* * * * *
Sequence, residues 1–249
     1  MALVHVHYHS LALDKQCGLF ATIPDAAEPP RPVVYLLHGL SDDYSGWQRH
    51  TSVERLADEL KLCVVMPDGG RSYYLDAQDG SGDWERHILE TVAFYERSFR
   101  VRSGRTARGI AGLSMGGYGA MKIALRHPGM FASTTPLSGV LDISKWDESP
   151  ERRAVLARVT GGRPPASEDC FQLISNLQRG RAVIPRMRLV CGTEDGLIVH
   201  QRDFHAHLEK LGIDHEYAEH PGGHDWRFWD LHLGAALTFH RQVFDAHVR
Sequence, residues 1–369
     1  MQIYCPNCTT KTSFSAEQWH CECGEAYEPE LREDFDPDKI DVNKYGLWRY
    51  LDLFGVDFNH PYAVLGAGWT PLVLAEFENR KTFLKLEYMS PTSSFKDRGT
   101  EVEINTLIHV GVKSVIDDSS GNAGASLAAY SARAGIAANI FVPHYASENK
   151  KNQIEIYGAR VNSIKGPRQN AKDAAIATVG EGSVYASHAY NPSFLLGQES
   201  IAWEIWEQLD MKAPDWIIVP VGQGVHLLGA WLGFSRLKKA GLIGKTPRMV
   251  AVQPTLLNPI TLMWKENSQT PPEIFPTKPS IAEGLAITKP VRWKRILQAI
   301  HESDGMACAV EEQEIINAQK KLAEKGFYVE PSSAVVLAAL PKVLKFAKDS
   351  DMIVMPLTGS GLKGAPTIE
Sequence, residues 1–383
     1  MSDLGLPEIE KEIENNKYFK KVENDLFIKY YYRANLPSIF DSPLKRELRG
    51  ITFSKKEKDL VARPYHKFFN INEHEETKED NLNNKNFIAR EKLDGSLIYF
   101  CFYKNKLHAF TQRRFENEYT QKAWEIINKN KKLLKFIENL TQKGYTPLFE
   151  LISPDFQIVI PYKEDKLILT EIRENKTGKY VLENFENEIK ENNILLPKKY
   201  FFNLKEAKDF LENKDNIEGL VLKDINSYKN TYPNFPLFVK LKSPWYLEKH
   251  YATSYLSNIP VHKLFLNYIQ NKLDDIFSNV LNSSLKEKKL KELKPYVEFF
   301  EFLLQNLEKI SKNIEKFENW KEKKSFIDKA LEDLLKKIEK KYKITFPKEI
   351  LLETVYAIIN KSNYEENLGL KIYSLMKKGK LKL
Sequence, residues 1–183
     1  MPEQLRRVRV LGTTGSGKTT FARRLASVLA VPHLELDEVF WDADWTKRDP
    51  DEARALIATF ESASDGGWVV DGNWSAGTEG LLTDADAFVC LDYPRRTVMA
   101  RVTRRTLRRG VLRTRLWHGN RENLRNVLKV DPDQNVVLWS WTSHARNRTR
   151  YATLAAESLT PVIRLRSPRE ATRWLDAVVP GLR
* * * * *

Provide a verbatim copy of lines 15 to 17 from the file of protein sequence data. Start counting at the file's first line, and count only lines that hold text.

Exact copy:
   351  DMIVMPLTGS GLKGAPTIE
Sequence, residues 1–383
     1  MSDLGLPEIE KEIENNKYFK KVENDLFIKY YYRANLPSIF DSPLKRELRG